Mae’r cynnwys hwn ar gael yn Saesneg yn unig.
Since Eating Disorder Awareness Week (EDAW) falls just as the diet industries’ ‘New-Year-New-You’ brigade begin to give us some respite, EDAW also gives me a good excuse to have a rant about how the messages enforced on us by this industry can be extremely damaging, not only for the 1.25 million individuals believed to be living with an eating disorder, but anyone who is subjected to them.
These messages insidiously creep into our lives at the beginning of each year; into our social media feeds and onto our TV screens, into magazines and onto billboards. They are often intended to guilt us into embarking on a gruelling exercise and restrictive eating regimen with the aim of weight loss because these messages more often than not try to tell us, this will lead to us being happier and healthier.
We are told that weight loss should generally always be the aim, that exercise should be performed to manipulate our weight and shape, and that calories should be limited because, these evil little measures of energy (which, FYI, are essential for our survival), are inherently bad.
There are many reasons why such messages are inherently flawed (and I’ll give my opinion as to why a bit later on). Regardless of whether or not someone is experiencing an eating disorder, such messages can negatively impact someone’s self-esteem and cause a disturbed relationship with food, exercise and body image. At worst, they can add fuel to the fire of an eating disorder and directly contradict messages associated with recovery from one.
Mind and body
Central to most eating disorders is a preoccupation with eating, weight and shape and a disordered relationship with food. Arguably, these features of an eating disorder are also core features of a diet, and therefore are things that I’m sure many people who have gone on a diet can relate to. The point at which these features reach a clinically disordered level, however, is when they cause significant impairment on someone’s mental and/or physical health.
The preoccupations associated with an eating disorder can completely consume all aspects of an individual’s life, and the consequences of these can be disastrous.
In fact, the risk of dying from an eating disorder, whether from physical complications associated with disordered behaviours or from suicide, is higher than for any mental health disorder.
Now I’m not saying that eating disorders are directly caused by these messages – eating disorders are extremely complex mental disorders that first raised their ugly heads far before the diet industry. However, embarking on a diet is a massive risk factor for going on to develop an eating disorder and the messages that we are fed often reinforce many of the behaviours and thoughts that are characteristic of these disorders and interfere with recovery.
I am also not saying that all of the messages that the diet industry pushes are harmful. Messages genuinely promoting health and wellbeing can, of course, be extremely helpful. However, my issue is that these positive messages often get lost amongst the predominantly unhelpful messages that often assume that weight loss and restriction are always healthy.
One of my biggest issues is with the use of the word ‘health’ itself. Healthy is a subjective term, and therefore what is healthy for one person will not necessarily be the same as for someone else.
Although some may benefit from making lifestyle changes to help maintain a healthy weight through initial weight loss, others may require significant weight gain for their health.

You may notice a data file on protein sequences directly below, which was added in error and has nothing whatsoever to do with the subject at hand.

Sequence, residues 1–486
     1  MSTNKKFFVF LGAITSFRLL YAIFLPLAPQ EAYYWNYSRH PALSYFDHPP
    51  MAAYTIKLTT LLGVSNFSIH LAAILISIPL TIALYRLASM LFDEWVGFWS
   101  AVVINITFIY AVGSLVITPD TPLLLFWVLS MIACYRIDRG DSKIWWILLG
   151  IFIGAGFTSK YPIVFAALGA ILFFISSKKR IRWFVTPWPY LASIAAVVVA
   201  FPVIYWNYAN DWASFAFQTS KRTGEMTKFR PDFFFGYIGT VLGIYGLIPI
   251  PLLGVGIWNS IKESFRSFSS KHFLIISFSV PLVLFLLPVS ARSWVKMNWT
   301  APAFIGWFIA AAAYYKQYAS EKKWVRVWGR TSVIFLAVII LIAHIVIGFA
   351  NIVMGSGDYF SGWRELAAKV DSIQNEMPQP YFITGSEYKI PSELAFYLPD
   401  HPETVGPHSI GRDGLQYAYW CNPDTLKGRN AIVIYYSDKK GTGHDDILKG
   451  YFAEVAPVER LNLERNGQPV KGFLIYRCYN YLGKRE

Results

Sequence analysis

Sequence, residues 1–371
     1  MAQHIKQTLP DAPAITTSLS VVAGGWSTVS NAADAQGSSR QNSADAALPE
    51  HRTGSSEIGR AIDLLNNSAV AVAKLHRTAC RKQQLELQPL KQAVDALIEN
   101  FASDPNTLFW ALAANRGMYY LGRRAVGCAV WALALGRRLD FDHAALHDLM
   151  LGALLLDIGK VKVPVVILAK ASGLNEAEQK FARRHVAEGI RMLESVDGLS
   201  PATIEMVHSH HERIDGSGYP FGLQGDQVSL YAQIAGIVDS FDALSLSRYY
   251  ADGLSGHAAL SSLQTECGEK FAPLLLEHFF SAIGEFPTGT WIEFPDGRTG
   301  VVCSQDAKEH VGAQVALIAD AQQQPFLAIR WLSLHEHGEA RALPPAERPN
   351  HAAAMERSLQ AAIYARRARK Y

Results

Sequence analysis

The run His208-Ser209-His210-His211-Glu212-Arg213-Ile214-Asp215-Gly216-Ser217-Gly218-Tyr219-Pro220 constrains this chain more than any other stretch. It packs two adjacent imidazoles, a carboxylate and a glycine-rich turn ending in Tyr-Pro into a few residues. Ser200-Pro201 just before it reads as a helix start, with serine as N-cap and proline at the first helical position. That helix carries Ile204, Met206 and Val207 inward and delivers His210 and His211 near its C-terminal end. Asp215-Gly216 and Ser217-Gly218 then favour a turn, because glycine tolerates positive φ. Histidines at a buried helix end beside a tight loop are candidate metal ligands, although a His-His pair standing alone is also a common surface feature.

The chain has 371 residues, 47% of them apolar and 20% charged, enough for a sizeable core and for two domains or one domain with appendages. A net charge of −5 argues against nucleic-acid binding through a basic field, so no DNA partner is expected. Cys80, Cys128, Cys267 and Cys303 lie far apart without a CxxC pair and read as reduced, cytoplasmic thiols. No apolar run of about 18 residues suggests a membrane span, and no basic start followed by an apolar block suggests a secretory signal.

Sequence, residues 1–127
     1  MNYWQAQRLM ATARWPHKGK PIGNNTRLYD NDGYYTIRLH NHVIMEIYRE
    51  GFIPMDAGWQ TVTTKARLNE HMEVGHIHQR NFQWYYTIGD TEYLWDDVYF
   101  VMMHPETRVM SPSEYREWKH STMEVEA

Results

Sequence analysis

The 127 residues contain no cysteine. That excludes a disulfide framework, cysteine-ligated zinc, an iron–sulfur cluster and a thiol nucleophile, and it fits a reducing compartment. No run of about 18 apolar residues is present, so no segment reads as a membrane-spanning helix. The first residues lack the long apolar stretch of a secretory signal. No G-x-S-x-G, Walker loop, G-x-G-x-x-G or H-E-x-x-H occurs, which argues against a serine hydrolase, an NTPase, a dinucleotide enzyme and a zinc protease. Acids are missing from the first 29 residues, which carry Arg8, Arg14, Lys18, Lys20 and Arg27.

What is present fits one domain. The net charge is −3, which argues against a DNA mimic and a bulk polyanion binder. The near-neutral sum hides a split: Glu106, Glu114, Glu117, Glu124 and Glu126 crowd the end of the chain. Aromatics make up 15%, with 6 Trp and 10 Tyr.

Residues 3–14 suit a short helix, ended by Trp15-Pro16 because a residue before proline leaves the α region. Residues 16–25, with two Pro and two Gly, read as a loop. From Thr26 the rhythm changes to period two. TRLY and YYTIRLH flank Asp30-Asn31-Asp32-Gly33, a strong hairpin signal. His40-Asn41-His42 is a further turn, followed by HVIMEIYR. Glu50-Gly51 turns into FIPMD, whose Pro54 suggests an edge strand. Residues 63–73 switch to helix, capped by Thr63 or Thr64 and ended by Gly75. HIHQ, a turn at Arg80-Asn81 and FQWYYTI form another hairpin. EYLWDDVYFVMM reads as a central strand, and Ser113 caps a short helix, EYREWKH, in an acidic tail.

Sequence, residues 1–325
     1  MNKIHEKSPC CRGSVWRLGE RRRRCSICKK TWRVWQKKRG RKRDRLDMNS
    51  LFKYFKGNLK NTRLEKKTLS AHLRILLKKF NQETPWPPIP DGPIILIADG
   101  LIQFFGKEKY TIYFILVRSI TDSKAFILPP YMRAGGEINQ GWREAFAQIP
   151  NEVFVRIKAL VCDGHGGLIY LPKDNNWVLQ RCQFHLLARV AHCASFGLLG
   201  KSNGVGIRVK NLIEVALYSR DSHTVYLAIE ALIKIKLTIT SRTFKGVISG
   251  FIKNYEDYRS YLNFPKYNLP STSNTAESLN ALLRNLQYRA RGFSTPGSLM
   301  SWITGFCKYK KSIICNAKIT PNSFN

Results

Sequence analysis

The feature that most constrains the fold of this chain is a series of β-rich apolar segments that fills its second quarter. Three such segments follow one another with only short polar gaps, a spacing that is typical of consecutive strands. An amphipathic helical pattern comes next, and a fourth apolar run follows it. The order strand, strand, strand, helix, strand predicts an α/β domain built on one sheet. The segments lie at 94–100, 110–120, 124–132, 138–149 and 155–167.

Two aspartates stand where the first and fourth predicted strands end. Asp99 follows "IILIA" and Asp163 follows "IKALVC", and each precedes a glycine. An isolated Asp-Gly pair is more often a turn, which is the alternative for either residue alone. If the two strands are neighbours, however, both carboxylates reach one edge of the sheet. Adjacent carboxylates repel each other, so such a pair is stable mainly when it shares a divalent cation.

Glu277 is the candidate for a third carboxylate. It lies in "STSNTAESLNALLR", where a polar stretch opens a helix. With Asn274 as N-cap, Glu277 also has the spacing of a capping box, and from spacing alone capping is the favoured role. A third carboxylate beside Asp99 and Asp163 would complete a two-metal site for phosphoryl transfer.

Furthermore, all types of food can be consumed as part of a ‘healthy’ diet. Therefore, what is healthy or unhealthy is less about the nutritional content of food and more relevant when describing someone’s relationship with food and the quantities of such foods eaten.
Our relationship with food
Another of my bugbears about these messages is the use of moral terms to describe food. Food is ultimately there to fuel and nourish us. There is no reason why food should not be enjoyed and using words such as good/bad to describe food is completely unnecessary. Food is ultimately essential for survival.
We have an innate drive to eat in the same way that we do to sleep, form relationships and breathe – and no one ever told us that we should limit the amount of air we consume.
A further issue I have is with the assumption that losing weight will make people happier. Being thin will not make you happy, period. In fact, being significantly underweight or nutritionally deprived can have the exact opposite effect, since starving the body also means starving the mind and being consumed with thoughts about food, weight, and shape leave no room for happiness anyway. Happiness is about so much more than how you look or the number on the scales.
Furthermore, restrictive eating is one of the most reliable predictors of overeating. Approximately 95% of people who lose weight on a quick-fix diet will have gained the weight lost back, and quite often more, within a year. Quick-fix diets are probably therefore far more likely to result in an enduring difficult relationship with food than sustained weight loss.
Every year dieters pay billions into the weight loss industry, and this quick fix solution ensures that each year they continue to do so.
So, this Eating Disorders Awareness Week, as the messages from the diet industry begin to lessen for the time being – I eagerly await the pre-summer increase again when we are reminded that we need to get ‘beach body ready’ – regardless of whether you are experiencing an eating disorder or not, consider the potential harm that such misinformed messages can have and what health and happiness truly mean for you.